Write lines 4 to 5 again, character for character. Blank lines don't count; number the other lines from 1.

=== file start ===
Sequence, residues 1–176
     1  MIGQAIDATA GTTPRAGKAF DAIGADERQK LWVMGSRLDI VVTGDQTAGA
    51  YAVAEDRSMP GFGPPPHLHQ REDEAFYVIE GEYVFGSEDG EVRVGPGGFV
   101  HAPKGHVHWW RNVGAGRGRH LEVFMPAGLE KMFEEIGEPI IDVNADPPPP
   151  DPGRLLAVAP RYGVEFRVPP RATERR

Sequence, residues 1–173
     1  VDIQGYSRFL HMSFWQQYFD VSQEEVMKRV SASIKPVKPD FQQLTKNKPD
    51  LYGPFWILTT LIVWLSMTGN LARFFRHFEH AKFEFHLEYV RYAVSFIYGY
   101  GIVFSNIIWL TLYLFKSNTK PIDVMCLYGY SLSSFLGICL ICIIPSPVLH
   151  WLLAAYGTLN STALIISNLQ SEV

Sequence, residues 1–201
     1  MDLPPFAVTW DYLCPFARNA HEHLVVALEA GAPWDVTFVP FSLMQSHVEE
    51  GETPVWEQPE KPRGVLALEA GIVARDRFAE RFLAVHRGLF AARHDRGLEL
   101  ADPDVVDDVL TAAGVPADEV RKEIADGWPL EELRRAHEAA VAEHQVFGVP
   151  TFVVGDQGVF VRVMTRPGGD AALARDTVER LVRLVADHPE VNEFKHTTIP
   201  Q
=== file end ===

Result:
   101  HAPKGHVHWW RNVGAGRGRH LEVFMPAGLE KMFEEIGEPI IDVNADPPPP
   151  DPGRLLAVAP RYGVEFRVPP RATERR